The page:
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How to screw up A10 NAND and recover it

Started by ikeeki, July 24, 2013, 06:44:35 pm

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ikeeki

July 24, 2013, 06:44:35 pm Last Edit: January 03, 2014, 08:55:21 am by admin
How to screw up Cubie A10 NAND and recover it.

A Brick the NAND:

Boot from sdcard.
Open gparted and resize NANDB, NANDA or NAND from there.
or
download Twightlight on desktop, then type in terminal:
dd if=/home/linaro/Desktop/Twightlight of=/dev/nand bs=512.

_______________________________________



B Recover the nand and make it suitable to be flashed with Phoenixcard.


Download:

http://dl.cubieforums.com/loz/boot_partition/bootloader/cubie_nand_uboot_partition_image.bin

cd it and type:

dd if=/path/cubie_nand_uboot_partition_image.bin of=/dev/nand

sync

Type:

sudo su
git clone git://github.com/linux-sunxi/sunxi-tools
cd sunxi-tools
make clean
make


Download

https://groups.google.com/group/linux-sunxi/attach/ac7942ae161ac07e/nand-part2.tar?part=4&authuser=0


Uncompress it into /path/sunxi-tools, cd it and type:

gcc -I include nand-part2.c

./a.out /dev/nand 16 "boot 4096" "linux 6500000" "swap 0"


Now you can flash by Phoenix card procedure


Please tell me if any errors.

Thanks to Patwood (as always)

patwood

July 24, 2013, 10:13:38 pm #1 Last Edit: July 28, 2013, 10:29:55 pm by patwood
Quote from: ikeeki on July 24, 2013, 06:44:35 pm
How to screw up Cubie A10 NAND and recover it.

A Brick the NAND:

Boot from sdcard.
Open gparted and resize NANDB, NANDA or NAND from there.
or
download Twightligh on desktop, then type in terminal:
dd if=/home/linaro/Desktop/Twightlight of=/dev/nand bs=512.

Just two of many ways my friend :)  fdisk is also a good bet for trashing the nand.  This is probably why the standard Android kernel from Allwinner doesn't expose /dev/nand in any way; then the only way to repartition the nand is with a special tool like livesuit or phoenixcard.  Good protection for newbies, major pain for those of us who want to hack the device.

One more time for anyone thinking about repartitioning their on-board nand: the partition layout is a custom Allwinner format that is not compatible with any normal linux tool, including fdisk, sfdisk, parted, gparted, and so on, so don't try to use them!  Use nand-part; it was specifically designed for the Allwinner nand partition layout.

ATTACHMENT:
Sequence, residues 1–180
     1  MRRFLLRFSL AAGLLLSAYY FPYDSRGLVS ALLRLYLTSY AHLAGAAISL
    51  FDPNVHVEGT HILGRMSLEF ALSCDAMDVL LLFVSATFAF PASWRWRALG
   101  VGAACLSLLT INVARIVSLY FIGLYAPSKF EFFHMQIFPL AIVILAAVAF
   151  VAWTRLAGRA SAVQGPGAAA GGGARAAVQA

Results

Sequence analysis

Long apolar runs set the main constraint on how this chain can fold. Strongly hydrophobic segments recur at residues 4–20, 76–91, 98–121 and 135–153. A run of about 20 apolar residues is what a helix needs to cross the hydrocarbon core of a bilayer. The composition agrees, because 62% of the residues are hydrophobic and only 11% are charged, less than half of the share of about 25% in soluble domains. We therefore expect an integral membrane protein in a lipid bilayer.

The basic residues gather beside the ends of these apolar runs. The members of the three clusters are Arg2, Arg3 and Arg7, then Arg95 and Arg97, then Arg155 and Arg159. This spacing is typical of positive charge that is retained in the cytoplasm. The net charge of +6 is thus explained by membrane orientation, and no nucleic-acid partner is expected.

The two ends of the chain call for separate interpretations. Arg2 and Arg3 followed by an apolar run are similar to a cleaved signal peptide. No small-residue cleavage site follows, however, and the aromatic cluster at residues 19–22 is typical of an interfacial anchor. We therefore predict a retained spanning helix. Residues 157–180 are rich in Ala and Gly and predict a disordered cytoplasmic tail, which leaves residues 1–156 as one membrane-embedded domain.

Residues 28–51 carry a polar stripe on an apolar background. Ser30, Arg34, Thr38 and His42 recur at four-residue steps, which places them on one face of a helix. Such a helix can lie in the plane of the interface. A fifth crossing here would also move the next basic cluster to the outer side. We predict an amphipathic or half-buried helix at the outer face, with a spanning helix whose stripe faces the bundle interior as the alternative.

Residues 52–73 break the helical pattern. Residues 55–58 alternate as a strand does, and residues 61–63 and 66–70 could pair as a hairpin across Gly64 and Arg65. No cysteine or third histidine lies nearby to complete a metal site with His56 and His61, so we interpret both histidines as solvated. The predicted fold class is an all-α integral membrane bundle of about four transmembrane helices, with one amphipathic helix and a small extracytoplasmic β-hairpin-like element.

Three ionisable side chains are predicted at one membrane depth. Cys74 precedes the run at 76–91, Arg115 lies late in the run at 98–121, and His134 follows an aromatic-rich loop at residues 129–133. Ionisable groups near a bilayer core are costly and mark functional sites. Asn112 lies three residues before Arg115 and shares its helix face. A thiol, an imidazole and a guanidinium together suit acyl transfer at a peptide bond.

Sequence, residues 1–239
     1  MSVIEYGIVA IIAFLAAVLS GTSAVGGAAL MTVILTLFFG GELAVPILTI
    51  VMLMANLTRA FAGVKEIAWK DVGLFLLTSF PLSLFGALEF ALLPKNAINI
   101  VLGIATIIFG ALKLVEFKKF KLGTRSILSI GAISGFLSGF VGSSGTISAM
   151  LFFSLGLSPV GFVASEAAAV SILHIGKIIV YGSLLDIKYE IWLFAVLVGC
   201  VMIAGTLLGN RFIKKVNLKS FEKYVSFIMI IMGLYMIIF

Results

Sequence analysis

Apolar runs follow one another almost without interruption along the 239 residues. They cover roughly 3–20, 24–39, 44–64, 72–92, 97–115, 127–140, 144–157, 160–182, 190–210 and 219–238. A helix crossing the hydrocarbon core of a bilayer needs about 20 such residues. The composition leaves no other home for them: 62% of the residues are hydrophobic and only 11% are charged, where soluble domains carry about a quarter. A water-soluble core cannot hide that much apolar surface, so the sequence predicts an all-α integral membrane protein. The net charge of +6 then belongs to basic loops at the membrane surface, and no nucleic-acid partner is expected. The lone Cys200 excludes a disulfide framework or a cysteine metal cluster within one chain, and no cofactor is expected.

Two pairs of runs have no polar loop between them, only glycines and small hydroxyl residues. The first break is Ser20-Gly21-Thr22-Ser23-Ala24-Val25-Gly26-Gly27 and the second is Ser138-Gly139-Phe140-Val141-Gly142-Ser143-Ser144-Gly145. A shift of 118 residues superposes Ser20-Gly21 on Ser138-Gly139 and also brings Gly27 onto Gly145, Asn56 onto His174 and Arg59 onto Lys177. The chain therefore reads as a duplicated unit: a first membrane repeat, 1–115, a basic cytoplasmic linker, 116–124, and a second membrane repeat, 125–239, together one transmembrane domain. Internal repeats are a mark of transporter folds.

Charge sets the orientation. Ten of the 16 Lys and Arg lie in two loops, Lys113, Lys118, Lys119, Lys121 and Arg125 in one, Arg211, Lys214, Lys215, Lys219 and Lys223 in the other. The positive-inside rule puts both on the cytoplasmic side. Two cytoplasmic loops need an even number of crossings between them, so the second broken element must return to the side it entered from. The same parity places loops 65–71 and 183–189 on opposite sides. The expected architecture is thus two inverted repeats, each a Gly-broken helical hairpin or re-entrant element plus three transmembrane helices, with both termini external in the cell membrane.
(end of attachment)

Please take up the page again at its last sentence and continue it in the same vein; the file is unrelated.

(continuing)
There is now an update to the nand-part tool in https://github.com/linux-sunxi/sunxi-tools; it allows you to force a partition layout to /dev/nand, even if the various checksums and magic fields are trashed.  It also performs the same function as nand-part2, allowing you to overwrite the starting offset and size of the first (boot) partition, while retaining compatibility with the command-line syntax of the original nand-part (if the first "partition" argument is a number instead of "name size", it switches to the nand-part2 behavior).

This means you don't have to dd a boot partition .img to /dev/nand before running nand-part to recover, and you don't have to bother with downloading and compiling nand-part2.c.  See http://www.cubieforums.com/index.php/topic,541.0.html for details, or you can simply download my current version which handles both A10 and A20 partition headers in the same executable: http://dl.cubieforums.com/patwood/nand-part.  Here are examples:

./nand-part -f a10 /dev/nand 16 "boot 4096" "linux 6500000" "swap 0"

or
./nand-part -f a20 /dev/nand 16 "boot 4096" "linux 6500000" "swap 0"

depending on your board version.  It'll complain about bad headers and such and ask you if you're sure, but entering y will force an overwrite.  Be careful! Overwriting an A20 nand with an A10 partition layout (or vice versa) will trash your nand just as effectively as fdisk or gparted!  (But at least you have a tool now for recovery :D)

diogoc

Changing the partition layout brick the nand? But flashing a livesuit image don't restore all including the partition layout?

ikeeki

I firstly tried phoenix card when I changed partitions, but no luck. The diferent outputs I had can be checked in http://www.cubieforums.com/index.php/topic,527.0.html

diogoc

hum.. I modified a livesuit image to enlarge the nandd partition and then after flashing it with livesuit I confirmed the new partition size. So I think livesuit format all nand partitions and create the new.

ikeeki

OK, I'll brick the NAND in the way I did and try livesuit (never tried, to be honest).

The way you point out seems easier, and deserves to be an option (if not the first), thanks for the tip.